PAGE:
The effects of forms and meaning -focused instruction on ESL learners' phonological acquisition
The ability to understand speech and produce intelligible speech has relevance for second language (L2) learners participating in communication. Since pronunciation plays a major role in intelligibility, the purpose of this study was to explore the relationship between instructional approach and phonological acquisition. To this end, word stress, an important element of English phonology, was targeted and the effects of three prevalent types of instruction were examined. The following research questions were investigated: (1) Does forms-focused, meaning-focused, or forms & meaning-focused instruction affect the accuracy of word stress perception and production? (2) If effects are found, do different types of instruction differently affect the accuracy of word stress perception and production? In order to examine the effects of focus-on-forms and focus-on-meaning, singularly and in combination, forty-four intermediate ESL students served as subjects in this study. Three pronunciation classes (n = 32) taught by the researcher were divided into three treatment groups: forms-focused (FF), meaning-focused (MF), and forms & meaning-focused (FMF). Each treatment group participated in an instructional treatment on word stress during ten 65-minute classes. Teacher-fronted activities occupied approximately one-third of class time, and student pair work occupied the remaining two-thirds for all treatment groups. The FF Group participated in teacher-led drills and controlled pair practice such as reading dialogues. In contrast, the (MF), Group participated in communicative teacher-fronted activities and pair activities such as information-gap and jigsaw tasks. As for the FMF Group, in both teacher-fronted and pair activities, students moved from forms-focused practice into more meaning-based communicative activities and received feedback throughout all activities. A control group consisted of students from one intermediate grammar classes (n = 12). A pre-test, consisting of contextualized perceptual items and communicative productive tasks, were given to all subjects before treatment. An identical post-test was given immediately after treatment. Results indicated that both the FF Group and FMF Group showed significant improvement after treatment. However, analysis also showed that the FMF Group obtained significantly more improvement than the FF Group. Therefore, it can be stated that forms & meaning-focused instruction had the most effect on word stress accuracy.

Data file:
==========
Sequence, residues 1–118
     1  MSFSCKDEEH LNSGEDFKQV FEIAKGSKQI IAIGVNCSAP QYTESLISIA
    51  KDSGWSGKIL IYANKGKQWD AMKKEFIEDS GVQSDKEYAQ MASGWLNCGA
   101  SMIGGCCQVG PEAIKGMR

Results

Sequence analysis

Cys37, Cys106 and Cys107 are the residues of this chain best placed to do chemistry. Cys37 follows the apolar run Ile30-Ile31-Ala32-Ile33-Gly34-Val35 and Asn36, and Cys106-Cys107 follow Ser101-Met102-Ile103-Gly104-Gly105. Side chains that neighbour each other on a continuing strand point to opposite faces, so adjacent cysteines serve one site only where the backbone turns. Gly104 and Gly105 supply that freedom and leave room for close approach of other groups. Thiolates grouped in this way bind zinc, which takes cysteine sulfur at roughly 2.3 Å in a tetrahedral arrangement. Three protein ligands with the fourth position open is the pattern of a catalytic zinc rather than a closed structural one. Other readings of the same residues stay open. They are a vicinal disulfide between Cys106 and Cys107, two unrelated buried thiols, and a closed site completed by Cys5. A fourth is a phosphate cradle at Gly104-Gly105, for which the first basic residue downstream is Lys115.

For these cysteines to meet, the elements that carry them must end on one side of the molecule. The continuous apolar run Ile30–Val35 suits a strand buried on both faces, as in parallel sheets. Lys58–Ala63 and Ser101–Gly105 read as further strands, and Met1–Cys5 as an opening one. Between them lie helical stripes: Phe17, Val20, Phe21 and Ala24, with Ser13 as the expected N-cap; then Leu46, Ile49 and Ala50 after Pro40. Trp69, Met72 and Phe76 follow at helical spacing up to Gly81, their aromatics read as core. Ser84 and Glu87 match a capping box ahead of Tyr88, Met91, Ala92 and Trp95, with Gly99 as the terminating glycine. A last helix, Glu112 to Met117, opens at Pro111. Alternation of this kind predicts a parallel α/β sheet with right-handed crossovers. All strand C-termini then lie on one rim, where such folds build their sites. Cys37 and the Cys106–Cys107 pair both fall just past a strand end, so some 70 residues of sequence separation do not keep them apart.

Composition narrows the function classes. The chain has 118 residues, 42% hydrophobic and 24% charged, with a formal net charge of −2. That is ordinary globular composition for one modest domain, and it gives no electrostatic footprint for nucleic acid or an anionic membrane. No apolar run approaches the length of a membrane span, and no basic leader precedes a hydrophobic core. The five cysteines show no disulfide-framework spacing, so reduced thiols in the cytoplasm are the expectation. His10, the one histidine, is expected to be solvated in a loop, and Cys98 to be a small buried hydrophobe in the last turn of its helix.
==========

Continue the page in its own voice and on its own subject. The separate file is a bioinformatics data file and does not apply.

Park, Julie Kim, "The effects of forms and meaning -focused instruction on ESL learners' phonological acquisition" (2000). Dissertations available from ProQuest. AAI9976464.